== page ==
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Pension auto-enrolment was introduced as part of the Pensions Act 2008, amid growing concerns that the population in general was neglecting opportunities to make payments towards state, private, and employer pensions. 
 
In October 2012, auto-enrolment into a workplace pension scheme became mandatory for large companies in the UK. All employees in the UK between the ages of 22 and state pension age will be eligible for the scheme, so long as they earn above the £10,000 income threshold. By 2018, companies of all sizes (as small as 1 director and 1 employee) will be included in the scope of the legislation. So what does this mean for limited companies? 
A limited company is a separate legal entity and must have an official “registered office address”. This address is publicly available on the Companies House website. In fact, if you Google your company name, you will find that one of the top results will take you to a company search page showing the registered office address, director’s names and several other details. 
Buy-to-let owners will suffer additional tax over the next few years as new rules are being phased in relating to how much tax relief you get for mortgage interest. Read on to see what the changes are and how it may affect you. 
Contractors in the UK are allowed to claim back travel expenses, so long as these are incurred while travelling to and from a ‘temporary workplace’. A workplace is deemed temporary so long as the contractor is not travelling to the same site for a period of 24 months or longer. Beyond this point, contractors cannot claim back travel expenses. This period is known as the 24 Month Rule and is something all contractors should be aware of.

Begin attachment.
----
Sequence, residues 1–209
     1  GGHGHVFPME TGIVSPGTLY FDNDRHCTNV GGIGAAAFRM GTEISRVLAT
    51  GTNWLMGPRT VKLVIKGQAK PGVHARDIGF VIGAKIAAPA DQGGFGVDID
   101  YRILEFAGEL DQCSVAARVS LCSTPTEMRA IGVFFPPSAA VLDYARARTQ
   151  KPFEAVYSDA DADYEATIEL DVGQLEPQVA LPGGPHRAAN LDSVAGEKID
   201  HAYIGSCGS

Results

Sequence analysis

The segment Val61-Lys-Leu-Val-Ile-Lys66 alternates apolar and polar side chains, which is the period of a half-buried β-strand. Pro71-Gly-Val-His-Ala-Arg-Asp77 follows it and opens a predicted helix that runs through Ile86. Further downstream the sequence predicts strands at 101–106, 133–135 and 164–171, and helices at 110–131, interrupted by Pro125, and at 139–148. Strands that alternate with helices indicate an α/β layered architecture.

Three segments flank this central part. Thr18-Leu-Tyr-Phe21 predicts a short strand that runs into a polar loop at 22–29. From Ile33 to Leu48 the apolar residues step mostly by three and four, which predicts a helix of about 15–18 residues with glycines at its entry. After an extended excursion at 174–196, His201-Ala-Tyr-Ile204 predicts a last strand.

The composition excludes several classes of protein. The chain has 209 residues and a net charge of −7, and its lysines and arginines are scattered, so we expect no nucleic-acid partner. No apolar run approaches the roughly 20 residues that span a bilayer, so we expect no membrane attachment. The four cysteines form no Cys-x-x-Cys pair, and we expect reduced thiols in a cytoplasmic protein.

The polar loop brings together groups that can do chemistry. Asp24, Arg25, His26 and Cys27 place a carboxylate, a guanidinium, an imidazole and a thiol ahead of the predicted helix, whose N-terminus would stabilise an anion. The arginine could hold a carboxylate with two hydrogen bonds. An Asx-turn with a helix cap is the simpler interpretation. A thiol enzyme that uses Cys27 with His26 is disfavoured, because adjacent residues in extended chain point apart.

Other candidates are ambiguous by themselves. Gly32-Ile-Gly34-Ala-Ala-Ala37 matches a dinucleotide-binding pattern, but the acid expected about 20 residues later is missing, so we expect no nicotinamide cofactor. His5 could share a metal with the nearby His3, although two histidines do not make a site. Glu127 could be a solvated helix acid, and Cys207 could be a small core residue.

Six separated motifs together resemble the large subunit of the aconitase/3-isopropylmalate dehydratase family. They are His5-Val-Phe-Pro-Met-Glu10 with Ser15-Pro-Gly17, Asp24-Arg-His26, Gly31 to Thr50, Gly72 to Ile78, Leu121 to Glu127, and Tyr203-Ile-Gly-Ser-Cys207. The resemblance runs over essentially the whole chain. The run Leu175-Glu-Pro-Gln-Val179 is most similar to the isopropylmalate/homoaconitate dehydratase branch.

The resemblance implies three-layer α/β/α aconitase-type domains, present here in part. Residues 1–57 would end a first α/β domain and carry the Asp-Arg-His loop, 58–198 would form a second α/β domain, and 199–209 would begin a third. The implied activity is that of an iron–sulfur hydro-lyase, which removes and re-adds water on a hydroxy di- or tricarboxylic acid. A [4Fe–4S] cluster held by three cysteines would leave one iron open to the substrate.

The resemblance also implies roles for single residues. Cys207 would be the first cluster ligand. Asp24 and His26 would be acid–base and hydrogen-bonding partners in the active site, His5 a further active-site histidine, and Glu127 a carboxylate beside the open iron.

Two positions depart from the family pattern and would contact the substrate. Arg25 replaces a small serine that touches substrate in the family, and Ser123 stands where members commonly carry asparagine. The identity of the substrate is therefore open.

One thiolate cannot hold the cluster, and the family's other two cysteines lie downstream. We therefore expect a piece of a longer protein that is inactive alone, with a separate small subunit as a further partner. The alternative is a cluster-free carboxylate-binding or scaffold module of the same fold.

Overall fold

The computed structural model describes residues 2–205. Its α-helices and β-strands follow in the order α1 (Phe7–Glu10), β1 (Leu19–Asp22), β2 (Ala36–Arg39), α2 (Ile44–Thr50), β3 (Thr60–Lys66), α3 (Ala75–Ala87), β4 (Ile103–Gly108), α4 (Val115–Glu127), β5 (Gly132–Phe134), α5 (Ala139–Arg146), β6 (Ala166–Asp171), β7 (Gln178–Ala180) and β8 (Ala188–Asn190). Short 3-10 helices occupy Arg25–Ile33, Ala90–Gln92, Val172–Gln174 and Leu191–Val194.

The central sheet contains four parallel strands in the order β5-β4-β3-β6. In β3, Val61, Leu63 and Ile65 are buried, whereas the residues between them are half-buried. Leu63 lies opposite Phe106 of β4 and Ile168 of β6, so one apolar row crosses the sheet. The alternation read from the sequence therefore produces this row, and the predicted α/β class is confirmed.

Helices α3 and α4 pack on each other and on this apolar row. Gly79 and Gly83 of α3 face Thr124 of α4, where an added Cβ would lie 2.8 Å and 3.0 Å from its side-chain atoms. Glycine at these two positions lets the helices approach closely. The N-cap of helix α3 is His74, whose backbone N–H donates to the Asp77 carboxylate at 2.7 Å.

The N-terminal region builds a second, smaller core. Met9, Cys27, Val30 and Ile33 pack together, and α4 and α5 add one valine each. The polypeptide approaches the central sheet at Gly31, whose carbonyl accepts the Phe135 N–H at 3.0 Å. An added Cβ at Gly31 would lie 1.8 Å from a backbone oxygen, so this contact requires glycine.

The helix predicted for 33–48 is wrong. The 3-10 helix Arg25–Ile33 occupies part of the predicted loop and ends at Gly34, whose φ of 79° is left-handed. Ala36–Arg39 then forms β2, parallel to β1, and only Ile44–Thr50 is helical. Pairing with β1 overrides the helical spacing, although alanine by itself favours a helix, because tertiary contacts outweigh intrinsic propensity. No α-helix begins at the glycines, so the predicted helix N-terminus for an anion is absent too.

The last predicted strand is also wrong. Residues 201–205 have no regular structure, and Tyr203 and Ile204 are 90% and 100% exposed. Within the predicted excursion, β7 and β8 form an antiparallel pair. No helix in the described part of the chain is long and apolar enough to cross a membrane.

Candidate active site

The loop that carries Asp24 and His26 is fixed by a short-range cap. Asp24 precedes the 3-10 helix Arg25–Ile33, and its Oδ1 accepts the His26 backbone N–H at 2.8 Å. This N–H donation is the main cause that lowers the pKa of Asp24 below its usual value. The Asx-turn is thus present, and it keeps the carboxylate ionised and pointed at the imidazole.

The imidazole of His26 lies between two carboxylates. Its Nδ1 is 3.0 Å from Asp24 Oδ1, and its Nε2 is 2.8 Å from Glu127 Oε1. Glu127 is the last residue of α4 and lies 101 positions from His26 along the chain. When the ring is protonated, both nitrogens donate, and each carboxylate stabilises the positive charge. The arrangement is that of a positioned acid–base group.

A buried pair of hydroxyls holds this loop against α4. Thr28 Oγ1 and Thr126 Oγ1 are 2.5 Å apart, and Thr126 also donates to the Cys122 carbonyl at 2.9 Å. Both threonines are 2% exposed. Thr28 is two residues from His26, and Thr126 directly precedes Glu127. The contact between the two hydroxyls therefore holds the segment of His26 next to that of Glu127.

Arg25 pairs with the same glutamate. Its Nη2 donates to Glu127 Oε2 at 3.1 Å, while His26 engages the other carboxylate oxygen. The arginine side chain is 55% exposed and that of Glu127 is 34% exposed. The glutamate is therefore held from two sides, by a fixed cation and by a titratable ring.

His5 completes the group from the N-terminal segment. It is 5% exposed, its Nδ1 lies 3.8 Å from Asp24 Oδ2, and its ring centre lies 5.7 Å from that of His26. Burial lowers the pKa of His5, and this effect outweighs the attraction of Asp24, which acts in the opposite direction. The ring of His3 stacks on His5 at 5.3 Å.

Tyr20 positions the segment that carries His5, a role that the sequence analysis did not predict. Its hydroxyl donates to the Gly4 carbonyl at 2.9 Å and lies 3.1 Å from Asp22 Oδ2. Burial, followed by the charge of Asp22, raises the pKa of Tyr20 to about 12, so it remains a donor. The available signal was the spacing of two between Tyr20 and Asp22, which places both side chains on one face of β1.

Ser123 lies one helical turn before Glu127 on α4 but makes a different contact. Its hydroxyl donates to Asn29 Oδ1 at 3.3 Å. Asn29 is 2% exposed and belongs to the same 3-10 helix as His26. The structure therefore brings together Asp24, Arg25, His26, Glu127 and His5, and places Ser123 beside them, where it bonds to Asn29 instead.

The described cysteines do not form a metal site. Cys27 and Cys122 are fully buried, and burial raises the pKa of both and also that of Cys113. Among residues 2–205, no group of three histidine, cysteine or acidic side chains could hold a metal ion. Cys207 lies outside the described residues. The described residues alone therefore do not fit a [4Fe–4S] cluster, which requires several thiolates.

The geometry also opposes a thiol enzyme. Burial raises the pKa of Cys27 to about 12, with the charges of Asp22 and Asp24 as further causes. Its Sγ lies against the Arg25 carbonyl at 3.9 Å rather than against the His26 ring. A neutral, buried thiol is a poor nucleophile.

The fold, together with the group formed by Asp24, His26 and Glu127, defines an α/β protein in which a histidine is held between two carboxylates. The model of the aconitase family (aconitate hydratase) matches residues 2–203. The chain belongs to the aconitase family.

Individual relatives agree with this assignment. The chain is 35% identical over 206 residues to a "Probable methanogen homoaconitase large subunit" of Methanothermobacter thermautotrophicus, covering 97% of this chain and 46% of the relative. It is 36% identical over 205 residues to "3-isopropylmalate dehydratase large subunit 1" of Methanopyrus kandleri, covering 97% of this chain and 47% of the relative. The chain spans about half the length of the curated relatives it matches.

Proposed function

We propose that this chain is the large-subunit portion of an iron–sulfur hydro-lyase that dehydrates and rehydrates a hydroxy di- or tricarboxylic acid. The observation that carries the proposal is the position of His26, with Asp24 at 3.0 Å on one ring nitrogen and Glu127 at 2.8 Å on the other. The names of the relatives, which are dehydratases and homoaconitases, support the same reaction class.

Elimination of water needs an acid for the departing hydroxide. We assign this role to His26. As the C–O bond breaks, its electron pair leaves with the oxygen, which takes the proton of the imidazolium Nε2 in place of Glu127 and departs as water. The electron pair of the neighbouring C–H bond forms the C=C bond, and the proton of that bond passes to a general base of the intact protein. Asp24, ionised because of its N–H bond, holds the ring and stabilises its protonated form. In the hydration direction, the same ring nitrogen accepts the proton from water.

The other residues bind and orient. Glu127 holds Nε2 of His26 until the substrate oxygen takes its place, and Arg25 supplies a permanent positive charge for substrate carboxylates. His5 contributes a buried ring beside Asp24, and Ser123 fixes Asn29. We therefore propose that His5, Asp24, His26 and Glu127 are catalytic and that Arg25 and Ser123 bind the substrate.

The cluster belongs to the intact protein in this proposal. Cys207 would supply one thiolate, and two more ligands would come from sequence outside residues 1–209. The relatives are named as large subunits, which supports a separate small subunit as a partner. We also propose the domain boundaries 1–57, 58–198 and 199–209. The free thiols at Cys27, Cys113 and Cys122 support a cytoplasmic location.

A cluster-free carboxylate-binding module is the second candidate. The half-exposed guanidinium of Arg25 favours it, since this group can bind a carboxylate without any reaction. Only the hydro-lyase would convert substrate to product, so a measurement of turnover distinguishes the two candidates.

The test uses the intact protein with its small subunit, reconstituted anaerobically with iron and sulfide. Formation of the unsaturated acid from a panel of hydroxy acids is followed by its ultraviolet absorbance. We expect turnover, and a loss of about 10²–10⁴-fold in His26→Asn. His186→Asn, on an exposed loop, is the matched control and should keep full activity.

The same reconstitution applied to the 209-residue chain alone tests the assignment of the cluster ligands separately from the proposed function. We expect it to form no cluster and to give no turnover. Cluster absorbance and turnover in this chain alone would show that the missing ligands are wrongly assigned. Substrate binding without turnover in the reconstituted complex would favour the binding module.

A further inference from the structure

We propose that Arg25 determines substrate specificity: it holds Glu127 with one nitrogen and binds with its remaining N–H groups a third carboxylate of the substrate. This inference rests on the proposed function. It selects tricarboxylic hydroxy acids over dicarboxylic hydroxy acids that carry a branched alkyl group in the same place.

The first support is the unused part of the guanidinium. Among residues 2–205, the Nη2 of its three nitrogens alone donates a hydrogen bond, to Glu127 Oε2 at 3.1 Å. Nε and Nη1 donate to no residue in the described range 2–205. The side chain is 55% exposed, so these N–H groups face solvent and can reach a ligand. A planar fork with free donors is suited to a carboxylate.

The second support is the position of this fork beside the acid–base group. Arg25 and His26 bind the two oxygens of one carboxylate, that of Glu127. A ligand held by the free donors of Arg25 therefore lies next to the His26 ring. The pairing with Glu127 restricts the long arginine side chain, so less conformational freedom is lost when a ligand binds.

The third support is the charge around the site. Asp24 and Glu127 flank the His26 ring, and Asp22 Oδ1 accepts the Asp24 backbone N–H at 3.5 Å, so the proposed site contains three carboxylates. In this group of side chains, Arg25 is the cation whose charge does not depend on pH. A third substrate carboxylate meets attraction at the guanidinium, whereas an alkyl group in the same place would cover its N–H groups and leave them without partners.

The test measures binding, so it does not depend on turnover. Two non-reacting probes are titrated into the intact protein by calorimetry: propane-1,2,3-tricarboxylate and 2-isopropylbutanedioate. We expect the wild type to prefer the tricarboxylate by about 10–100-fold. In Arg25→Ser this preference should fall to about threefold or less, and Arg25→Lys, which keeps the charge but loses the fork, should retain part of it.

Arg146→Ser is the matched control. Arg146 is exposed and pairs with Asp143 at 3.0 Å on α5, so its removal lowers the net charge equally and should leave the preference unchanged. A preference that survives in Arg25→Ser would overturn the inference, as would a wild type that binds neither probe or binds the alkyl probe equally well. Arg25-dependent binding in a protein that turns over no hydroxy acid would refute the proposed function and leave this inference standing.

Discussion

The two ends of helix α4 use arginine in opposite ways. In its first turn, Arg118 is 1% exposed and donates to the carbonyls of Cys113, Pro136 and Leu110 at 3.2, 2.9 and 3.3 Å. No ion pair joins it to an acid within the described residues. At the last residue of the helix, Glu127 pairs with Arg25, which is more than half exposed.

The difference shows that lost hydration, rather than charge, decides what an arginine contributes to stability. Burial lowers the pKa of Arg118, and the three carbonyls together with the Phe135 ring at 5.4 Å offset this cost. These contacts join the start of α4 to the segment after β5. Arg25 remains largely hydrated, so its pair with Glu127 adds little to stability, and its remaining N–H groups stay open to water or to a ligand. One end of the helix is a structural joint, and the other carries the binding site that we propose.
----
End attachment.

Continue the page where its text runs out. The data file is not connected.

At first glance, a company car may appear to be a fantastic perk, but once employees start looking at the emissions based company car tax they’ll have to pay, the luxury of having one may begin to seem like a reluctant or unnecessary expense. And once we consider the National Insurance costs to the employer and the delay in claiming deductions for depreciation, such as capital allowances, it becomes clear that a company car is unlikely to be tax efficient from either side. But what about a company motorcycle? 
In our recent article explaining the recent changes to contractors’ claims for tax relief on travel and subsistence, we briefly covered what is meant by “supervision, direction, and control” as a test to distinguish ‘false self-employment’. There hasn’t been a great deal of guidance provided by HMRC, but using the Employment Status Manual, we hope to provide a little clarity on what the new rules mean for UK contractors. 
The VAT Flat Rate Scheme (FRS) allows small businesses with a turnover up to £150,000 to calculate the amount of VAT they pay back to HMRC as a fixed percentage between 5% and 14.5%, instead of the standard 20%. The amount payable is calculated based on the type of business you have. 
Contractors in the UK may have heard recent rumblings of new legislation placing restrictions on claiming tax relief on travel and subsistence. The dreaded “IR35” will take effect from this month (April 2016), but what do the changes mean for you? 
Investing in a pension personally allows you to benefit from tax relief at your highest marginal rate but you must draw the contribution as salary and dividends. However you can also invest directly via your company which not only saves the hassle of drawing out the funds but also reduces your corporation tax bill without any benefit in kind considerations. 
Many business owners are unaware that they may be able to put life insurance through the company as a legitimate tax-deductible business expense. Not only that, if the policy meets certain conditions, it is not treated as a benefit-in-kind so there is no National Insurance or personal tax payable. Win, win! 
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